09 Mar Important differences between trusts and wills
You may know us as specialists at providing legal services to the financial services industry, but did you know that we also can help you with a personal estate plan?Estate planning is part of our comprehensive package of specialized services.
When planning an estate, both trusts and wills are important tools. However, they mean two very different things. Both are useful in creating a complete estate plan. Here are some of the key differences between trusts and wills.
• A trust takes effect as soon as you create it, whereas a will does not go into effect until after your death.
• A trust may distribute property before your death, upon your death or afterward. The trust is a legal contract where a trustee holds legal title to your property for you on behalf of your appointed beneficiary. Beneficiaries can receive income from a trust during their lifetime, and upon their death, a second beneficiary receives any assets that remain. In contrast, a will is a legal document that carries out your wishes as to who will receive your property upon your death, and appoints a legal representative to administer the will.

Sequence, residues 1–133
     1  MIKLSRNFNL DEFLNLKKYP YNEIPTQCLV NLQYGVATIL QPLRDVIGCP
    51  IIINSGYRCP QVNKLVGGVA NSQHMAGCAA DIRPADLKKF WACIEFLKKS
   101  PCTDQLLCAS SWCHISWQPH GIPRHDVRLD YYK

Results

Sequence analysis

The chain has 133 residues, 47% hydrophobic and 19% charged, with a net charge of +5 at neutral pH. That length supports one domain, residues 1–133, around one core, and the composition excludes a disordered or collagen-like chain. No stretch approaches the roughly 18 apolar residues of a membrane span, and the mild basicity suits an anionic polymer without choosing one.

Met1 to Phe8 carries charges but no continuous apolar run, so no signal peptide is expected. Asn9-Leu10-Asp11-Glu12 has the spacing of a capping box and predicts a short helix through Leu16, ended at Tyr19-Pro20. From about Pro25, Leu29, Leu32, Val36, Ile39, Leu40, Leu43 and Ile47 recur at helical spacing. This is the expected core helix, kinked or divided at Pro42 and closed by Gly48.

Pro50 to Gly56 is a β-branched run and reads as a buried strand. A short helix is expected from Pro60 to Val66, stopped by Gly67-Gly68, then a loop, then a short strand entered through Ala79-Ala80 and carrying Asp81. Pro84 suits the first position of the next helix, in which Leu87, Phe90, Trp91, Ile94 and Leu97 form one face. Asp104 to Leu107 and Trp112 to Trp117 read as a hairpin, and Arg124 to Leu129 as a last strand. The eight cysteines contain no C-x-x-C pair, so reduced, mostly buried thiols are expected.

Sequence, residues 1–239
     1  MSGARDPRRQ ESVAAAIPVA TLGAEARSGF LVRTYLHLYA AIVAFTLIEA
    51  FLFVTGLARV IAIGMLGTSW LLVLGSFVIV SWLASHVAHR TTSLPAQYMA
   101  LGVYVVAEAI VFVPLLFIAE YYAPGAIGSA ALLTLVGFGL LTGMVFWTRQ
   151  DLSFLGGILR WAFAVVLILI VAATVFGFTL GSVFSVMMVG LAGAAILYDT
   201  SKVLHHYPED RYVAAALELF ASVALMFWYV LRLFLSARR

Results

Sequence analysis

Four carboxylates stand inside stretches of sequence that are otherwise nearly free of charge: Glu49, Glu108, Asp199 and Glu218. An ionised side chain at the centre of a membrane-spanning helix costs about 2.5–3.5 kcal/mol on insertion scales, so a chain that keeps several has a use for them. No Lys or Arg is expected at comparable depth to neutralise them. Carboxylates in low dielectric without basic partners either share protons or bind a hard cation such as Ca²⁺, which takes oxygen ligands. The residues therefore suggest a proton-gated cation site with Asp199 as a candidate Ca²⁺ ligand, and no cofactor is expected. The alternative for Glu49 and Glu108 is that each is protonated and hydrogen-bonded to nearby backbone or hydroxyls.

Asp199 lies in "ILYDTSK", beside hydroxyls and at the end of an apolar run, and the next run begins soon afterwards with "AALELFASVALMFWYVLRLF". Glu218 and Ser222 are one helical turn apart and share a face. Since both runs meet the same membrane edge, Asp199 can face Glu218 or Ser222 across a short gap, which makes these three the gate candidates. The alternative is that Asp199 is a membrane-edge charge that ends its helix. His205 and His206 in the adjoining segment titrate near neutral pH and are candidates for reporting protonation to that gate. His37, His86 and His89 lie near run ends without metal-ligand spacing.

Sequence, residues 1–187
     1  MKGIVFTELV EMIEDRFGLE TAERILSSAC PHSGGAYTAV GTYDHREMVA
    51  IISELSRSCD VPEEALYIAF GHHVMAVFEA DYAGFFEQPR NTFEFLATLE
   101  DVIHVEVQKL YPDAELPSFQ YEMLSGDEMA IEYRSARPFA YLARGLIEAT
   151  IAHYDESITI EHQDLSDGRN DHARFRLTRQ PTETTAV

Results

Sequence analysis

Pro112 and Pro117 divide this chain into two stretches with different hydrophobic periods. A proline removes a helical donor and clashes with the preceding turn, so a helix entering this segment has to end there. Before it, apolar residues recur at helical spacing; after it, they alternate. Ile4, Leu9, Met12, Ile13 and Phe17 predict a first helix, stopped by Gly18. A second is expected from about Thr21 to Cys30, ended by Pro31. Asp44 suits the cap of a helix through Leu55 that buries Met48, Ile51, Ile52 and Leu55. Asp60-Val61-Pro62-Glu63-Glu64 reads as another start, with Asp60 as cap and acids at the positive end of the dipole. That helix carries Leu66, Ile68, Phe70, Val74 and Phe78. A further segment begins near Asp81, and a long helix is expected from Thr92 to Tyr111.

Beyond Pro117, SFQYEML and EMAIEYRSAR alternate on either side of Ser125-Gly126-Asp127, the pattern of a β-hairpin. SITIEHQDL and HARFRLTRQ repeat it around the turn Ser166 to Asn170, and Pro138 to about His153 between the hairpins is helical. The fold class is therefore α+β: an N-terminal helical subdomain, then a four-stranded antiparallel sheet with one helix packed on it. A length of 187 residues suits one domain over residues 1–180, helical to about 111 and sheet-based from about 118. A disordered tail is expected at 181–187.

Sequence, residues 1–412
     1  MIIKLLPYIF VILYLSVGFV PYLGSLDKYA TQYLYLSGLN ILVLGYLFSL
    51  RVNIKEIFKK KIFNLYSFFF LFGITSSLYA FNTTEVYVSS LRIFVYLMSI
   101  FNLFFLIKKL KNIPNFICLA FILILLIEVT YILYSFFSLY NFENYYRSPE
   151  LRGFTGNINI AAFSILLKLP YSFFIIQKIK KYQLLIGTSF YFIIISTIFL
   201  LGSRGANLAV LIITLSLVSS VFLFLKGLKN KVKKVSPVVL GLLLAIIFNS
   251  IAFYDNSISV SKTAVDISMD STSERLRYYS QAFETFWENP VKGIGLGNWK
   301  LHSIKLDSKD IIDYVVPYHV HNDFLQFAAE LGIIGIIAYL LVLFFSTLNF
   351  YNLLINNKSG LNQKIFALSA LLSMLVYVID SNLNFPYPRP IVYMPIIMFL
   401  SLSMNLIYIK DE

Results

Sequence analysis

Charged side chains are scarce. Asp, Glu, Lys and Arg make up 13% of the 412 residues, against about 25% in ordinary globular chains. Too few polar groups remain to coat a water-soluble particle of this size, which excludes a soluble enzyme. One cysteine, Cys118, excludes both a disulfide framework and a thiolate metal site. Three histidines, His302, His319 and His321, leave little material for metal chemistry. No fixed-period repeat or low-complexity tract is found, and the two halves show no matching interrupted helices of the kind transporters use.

• A will covers property owned by you when you die and does not cover property held in a trust. The trust only deals with property transferred to it and the property must be in the name of the trust.
• In a will, you can name a guardian for your minor children and request final arrangements. A trust contains no such provisions.
• Will and trusts are viewed differently by the courts. A will must be overseen by the court, which will validate it and make sure any property is distributed according to the wishes of the deceased. A trust does not have to be overseen by a court. Wills are public record, whereas a trust can remain private.
The legal experts at Barsh & Cohen can work closely with you to develop a complete estate plan, including any trusts or wills to protect your assets. We can handle everything from a simple plan, if you have modest assets and young children, to a complex estate plan that includes gifting, greater assets and a concern with tax liability.